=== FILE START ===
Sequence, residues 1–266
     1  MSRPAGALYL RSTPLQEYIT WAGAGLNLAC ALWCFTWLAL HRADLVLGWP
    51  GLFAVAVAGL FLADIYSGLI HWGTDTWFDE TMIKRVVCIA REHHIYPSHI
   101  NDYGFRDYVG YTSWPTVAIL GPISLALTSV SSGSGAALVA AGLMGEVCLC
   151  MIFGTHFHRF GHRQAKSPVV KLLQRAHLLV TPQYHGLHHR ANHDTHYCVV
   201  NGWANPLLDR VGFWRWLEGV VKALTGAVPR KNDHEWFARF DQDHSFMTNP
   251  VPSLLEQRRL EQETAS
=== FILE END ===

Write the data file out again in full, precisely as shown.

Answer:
Sequence, residues 1–266
     1  MSRPAGALYL RSTPLQEYIT WAGAGLNLAC ALWCFTWLAL HRADLVLGWP
    51  GLFAVAVAGL FLADIYSGLI HWGTDTWFDE TMIKRVVCIA REHHIYPSHI
   101  NDYGFRDYVG YTSWPTVAIL GPISLALTSV SSGSGAALVA AGLMGEVCLC
   151  MIFGTHFHRF GHRQAKSPVV KLLQRAHLLV TPQYHGLHHR ANHDTHYCVV
   201  NGWANPLLDR VGFWRWLEGV VKALTGAVPR KNDHEWFARF DQDHSFMTNP
   251  VPSLLEQRRL EQETAS